What Compensation is Available Through a Birth Injury Lawsuit?
Birth injuries often result in major medical bills and may even involve lifelong medical treatment for impairments or disabilities. “Damages” in a lawsuit are the monetary compensation designed to make you financially whole.
There are two types of damages in birth injury cases:
- Economic. “The economic cost is the one that is focused on the most,” says Thomas. “[It includes] anything that will require care and support, lost earnings, and medical expenses incurred because of the medical malpractice.”
- Non-economic. Non-economic damages, on the other hand, are “things we can’t quantify in the market,” says Thomas. They include “pain and suffering, disability, loss of life’s enjoyment, and loss of consortium.”
An important thing to note is that non-economic damages “are sometimes capped depending on what state you’re in.” However, “there’s never a cap on economic damages.”
“You also may be able to get punitive damages depending on your state,” Thomas says. Punitive damages aim to punish the defendant for their actions.
Questions To Ask When Meeting a Birth Injury Lawyer
Many birth injury attorneys provide free consultations. This means that without upfront costs, you can meet with an attorney to ask questions about your situation and decide if the attorney or law firm meets your needs.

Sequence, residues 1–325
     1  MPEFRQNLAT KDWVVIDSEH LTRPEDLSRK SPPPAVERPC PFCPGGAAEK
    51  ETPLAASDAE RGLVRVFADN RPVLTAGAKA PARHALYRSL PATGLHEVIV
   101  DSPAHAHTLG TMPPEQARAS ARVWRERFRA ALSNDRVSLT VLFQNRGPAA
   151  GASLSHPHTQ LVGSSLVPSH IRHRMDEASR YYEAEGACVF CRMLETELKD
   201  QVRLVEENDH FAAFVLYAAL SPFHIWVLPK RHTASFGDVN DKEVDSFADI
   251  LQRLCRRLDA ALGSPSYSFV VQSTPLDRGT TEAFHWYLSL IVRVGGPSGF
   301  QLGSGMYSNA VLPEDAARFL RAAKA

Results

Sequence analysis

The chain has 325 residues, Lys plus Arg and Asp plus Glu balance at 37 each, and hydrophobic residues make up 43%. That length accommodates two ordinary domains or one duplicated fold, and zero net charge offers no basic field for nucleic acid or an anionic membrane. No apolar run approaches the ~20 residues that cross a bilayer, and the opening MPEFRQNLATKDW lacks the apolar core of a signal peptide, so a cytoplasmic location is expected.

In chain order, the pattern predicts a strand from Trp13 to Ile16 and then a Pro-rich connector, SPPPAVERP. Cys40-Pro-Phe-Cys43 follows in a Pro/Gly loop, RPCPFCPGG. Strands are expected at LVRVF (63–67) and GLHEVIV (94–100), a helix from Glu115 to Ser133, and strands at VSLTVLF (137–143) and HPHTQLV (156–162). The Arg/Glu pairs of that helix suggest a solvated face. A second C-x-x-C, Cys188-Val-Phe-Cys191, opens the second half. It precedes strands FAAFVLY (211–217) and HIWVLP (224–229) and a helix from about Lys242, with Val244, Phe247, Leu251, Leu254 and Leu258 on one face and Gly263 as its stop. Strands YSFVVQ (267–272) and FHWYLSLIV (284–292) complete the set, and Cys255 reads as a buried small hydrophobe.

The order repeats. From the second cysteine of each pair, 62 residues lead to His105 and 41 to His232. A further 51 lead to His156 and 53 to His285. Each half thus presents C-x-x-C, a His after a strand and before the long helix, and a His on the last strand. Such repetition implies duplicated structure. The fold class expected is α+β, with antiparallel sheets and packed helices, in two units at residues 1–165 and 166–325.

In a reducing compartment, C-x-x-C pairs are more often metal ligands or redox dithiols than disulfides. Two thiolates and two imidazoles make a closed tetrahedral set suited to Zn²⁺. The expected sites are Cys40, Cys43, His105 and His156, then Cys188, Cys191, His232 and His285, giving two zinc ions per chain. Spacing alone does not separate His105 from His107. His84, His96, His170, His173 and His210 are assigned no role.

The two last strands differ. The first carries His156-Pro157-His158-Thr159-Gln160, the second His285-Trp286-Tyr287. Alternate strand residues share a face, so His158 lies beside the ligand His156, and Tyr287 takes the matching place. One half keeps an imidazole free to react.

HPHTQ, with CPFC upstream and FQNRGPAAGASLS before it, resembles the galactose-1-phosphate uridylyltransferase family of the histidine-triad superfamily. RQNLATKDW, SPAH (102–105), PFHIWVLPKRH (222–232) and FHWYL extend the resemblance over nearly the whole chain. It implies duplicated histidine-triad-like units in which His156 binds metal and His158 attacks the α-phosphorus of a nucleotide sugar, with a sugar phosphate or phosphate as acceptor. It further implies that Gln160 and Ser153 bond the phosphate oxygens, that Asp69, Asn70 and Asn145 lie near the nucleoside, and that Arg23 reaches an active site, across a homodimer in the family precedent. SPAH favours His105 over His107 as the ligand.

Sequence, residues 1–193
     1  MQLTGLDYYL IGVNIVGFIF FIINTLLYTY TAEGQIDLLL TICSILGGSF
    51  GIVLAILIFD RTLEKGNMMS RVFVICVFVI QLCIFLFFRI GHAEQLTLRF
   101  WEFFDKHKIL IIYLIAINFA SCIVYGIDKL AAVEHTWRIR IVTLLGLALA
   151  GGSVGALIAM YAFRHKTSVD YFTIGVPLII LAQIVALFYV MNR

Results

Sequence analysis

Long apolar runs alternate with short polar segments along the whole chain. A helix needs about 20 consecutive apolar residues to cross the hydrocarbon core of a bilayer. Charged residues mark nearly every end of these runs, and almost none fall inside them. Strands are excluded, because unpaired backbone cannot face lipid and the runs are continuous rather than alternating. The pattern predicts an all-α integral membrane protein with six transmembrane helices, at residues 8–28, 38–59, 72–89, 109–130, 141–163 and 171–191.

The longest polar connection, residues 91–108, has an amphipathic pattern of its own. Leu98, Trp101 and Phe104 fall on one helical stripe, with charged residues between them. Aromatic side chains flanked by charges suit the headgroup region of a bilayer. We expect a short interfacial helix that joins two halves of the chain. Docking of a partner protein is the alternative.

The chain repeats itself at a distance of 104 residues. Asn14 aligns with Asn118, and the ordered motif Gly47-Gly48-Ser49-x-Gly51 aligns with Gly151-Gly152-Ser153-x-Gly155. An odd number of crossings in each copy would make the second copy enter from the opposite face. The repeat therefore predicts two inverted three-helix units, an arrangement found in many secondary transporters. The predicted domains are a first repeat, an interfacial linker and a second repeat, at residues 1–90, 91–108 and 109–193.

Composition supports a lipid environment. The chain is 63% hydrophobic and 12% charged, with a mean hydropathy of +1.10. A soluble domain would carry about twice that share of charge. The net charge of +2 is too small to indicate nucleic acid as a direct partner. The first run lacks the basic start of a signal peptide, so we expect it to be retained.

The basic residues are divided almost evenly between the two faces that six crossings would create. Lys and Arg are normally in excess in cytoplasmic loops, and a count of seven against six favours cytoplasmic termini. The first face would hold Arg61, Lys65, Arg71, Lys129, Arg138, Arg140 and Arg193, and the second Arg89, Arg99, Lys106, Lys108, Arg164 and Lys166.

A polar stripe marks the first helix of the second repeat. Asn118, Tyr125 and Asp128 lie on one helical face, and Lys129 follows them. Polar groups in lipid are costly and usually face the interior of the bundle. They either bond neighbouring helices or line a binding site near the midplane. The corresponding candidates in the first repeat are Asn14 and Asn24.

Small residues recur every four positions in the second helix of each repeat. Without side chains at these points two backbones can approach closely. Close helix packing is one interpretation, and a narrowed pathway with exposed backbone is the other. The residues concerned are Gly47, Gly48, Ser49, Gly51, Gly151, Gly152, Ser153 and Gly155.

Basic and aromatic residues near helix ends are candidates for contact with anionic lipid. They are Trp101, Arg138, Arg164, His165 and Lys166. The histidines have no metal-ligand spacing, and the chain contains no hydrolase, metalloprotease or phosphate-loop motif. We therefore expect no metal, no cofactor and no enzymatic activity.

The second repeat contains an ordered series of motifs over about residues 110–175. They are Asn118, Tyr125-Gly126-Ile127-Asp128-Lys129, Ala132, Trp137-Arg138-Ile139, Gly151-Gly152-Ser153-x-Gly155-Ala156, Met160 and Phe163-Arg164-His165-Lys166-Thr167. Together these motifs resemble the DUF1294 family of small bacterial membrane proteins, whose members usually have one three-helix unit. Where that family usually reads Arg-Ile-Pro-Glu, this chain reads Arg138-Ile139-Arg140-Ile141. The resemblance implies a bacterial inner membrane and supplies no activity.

To get the most out of a consultation, ask informed questions such as:
- What are your attorney’s fees?
- What is your experience representing clients in birth injury cases?
- What outcomes do you often see in cases you handle?
- What is the statute of limitations for filing a birth injury lawsuit in my state?
- How likely is a settlement before going to trial?
Once you have met with a birth injury lawyer and gotten your questions answered, you can begin an attorney-client relationship.
Look for a birth injury lawyer in the Super Lawyers directory for help with your birth injury case.
Additional Birth Injury articles
- What is Birth Injury Law?
- Pregnancy, Childbirth Complications, and Medical Errors: Potential Lawsuits
- The Legal Process and Timeline in Birth Injury Lawsuits
- Preparing for a Birth Injury Lawsuit: What You Need to Know
- Was My Baby's Injury Due to Medical Negligence?
- When to Consult a Birth Injury Attorney: Key Considerations
- How Do I Prove Medical Malpractice in a Birth Injury Lawsuit?
Find top lawyers with confidence
The Super Lawyers patented selection process is peer influenced and research driven, selecting the top 5% of attorneys to the Super Lawyers lists each year. We know lawyers and make it easy to connect with them.Find a lawyer near you